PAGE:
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Murphy, Thomas H. (ed.) / Wisconsin alumnus
Volume 86, Number 3 (March 1985)

The news,   pp. 17-20


Page 18


aid must include a copy of their parents' tax
returns, "and the sooner they send all the
forms to us, the sooner we can verify the in-
formation and make an award," Douma
said.
   Sixty-five percent of the $65 million in
student aid awarded this year will probably
be in the form of loans. GSLs, by far the
largest of the aid programs, are made pri-
marily by private lenders. Qualified stu-
dents can borrow up to $2500 a year, and
pay back at a low interest rate that does not
begin until six months after they leave
school. Currently, all students from fami-
lies with incomes under $30,000 are eligible
for the program, but those with incomes
above that must meet a means test in order
to qualify.
UW Still A Liberal Stronghold
But Younger Students Are Changing
all student-dominated city wards in 1984,
Mondale outpolled Reagan 17,928 to
9,647, a 65-to-35-percent margin. (By com-
parison, Carter received 71 percent of that
student vote in 1980.) But a dramatic shift
in student voting patterns is evident when
the figures are analyzed further. In the off-
campus student wards dominated by upper-
classmen, Mondale won this year with 72
percent of the vote, almost identical to that
of 1980. But in the on-campus wards domi-
nated by freshman and sophomore students
who live in residence halls, the vote was vir-
tually even. And in two of those wards-
one centered in the Lakeshore dorms and
the other in the Southeast dorm complex-
the vote went to Reagan-Bush by 55 to 45
percent. Both wards had supported Carter
by a two-to-one margin in 1980.
Tune In On Yesterday
The UW's Center for Film and Theater Re-
search has received approximately 1,500
reels of television film (weighing 24,000
pounds) from Paramount Pictures. It is be-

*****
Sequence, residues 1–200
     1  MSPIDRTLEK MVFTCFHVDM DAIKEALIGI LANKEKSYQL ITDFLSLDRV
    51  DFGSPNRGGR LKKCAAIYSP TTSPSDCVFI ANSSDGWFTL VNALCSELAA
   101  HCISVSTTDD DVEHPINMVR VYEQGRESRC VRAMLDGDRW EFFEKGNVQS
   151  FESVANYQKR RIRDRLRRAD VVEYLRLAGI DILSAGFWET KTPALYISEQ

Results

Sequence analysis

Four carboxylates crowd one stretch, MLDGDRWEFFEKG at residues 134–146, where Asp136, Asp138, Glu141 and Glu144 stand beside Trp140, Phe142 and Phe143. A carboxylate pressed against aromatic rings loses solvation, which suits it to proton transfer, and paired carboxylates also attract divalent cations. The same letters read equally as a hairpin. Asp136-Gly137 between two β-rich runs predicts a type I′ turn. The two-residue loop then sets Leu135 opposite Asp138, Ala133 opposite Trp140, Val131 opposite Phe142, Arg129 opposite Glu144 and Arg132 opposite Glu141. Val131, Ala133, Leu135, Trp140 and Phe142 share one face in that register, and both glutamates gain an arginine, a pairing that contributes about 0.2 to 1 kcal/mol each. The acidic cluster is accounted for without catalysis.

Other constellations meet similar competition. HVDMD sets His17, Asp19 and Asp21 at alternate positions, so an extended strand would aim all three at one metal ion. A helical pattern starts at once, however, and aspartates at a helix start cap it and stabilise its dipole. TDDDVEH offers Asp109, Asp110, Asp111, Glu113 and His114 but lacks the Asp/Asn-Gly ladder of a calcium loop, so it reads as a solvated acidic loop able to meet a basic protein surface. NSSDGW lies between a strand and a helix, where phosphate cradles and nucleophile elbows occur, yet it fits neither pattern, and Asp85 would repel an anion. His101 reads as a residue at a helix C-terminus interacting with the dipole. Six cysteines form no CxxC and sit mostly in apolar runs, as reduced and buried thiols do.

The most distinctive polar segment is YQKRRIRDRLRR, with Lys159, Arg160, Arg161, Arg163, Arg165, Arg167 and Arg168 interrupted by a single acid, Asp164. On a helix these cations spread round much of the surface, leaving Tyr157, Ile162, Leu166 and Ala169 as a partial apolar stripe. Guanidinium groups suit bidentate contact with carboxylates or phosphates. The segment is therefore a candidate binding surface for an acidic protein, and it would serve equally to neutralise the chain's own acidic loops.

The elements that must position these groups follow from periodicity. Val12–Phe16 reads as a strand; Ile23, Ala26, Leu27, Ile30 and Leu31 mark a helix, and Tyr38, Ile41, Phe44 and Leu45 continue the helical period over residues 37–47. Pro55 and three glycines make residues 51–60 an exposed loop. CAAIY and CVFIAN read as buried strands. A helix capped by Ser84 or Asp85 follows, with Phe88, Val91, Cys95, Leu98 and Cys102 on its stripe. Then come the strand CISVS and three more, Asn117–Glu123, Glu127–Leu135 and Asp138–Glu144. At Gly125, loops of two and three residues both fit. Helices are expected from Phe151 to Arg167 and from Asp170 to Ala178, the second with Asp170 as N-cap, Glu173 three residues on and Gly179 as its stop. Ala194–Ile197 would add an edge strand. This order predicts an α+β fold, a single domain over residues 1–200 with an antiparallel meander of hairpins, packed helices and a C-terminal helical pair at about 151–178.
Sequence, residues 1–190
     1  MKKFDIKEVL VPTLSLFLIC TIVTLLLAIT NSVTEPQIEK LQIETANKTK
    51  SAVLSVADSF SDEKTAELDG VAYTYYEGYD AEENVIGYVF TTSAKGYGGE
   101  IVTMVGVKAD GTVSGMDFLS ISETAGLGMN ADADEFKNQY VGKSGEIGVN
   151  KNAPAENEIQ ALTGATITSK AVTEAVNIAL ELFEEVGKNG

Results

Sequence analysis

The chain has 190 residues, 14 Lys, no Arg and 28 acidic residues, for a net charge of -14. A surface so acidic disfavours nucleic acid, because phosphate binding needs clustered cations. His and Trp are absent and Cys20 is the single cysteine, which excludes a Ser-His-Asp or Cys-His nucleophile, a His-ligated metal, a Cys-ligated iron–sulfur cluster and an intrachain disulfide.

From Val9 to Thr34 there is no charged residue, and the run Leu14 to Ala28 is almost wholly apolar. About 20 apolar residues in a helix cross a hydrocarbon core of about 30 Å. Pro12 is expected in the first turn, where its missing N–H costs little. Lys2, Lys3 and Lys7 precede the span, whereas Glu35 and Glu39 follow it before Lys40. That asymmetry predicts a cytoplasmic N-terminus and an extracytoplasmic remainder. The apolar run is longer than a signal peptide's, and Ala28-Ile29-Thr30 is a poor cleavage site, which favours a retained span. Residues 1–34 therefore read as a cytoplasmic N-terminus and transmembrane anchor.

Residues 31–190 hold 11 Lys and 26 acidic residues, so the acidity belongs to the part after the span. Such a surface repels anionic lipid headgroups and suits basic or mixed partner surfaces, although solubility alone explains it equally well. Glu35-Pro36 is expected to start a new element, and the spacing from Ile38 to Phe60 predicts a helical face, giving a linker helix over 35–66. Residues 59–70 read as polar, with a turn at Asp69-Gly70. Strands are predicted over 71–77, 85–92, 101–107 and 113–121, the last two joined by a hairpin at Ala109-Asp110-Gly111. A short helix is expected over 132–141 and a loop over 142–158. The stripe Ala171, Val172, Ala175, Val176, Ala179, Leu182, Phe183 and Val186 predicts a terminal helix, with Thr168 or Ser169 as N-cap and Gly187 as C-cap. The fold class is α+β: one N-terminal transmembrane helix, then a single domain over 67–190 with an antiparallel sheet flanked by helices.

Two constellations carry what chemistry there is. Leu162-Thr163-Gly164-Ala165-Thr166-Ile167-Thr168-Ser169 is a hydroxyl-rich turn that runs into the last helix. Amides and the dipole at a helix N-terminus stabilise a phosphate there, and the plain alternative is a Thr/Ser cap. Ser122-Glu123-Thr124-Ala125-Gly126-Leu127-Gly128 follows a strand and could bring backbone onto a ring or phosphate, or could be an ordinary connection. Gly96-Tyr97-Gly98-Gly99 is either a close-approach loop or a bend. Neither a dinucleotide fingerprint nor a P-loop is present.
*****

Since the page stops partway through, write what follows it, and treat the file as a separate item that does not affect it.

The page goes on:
ing housed at the State Historical Society
No mission was impossible for Peter Graves.
and includes virtually complete sets of such
popular series as "Happy Days," "Laverne
and Shirley," (both produced by Miller-
Milkus Productions, co-owned by Thomas
L. Miller '62) "Taxi," "Mission Impos-
sible," "Mannix" and "Mork and Mindy,"
plus pilots and specials based on these se-
ries.
   "It's a remarkable documentation of
some of the most popular television of the
sixties, seventies and eighties," says Russell
Merritt, director of the center. "Added to
our other holdings dating to the forties, it
gives us one of the top three collections of
TV materials in the world." Those earlier
holdings include productions by Reginald
Rose ("The Defenders"), Ziv Productions
("Highway Patrol," "Boston Blackie"),
Fred Coe ("Playwrights 56" and "Philco/
Goodyear Playhouse") and such MTM En-
terprises offerings as "The Mary Tyler
Moore Show".
   Merritt says the gift will enable scholars
to explore the elements that made for mass-
audience appeal over the past quarter cen-
tury and to trace the careers-upward or
down-of actors, directors and others in
film. "For example, we can find early work
by Robert Altman and Arthur Penn," he
says, "two famous Hollywood directors
who began in television but whose work in
it is virtually unknown."
   The center also houses a significant col-
lection of movie films, the heart of which is
a gift from United Artists that includes
1,700 features from Warner Brothers,
RKO and Monogram; extensive documen-
tation of the Warner Brothers films from
treatments and shooting scripts to legal files
and publicity records; and the business re-
cords of United Artists from its founding in
1919 until 1950.
Ferraro Back For
Madison's Friendliness
In her first major speech following the pres-
idential election, Geraldine Ferraro spoke
to an enthusiastic audience of 1,300 at Me-
morial Union Theater in December. Her
18 / THE WISCONSIN ALUMNUS
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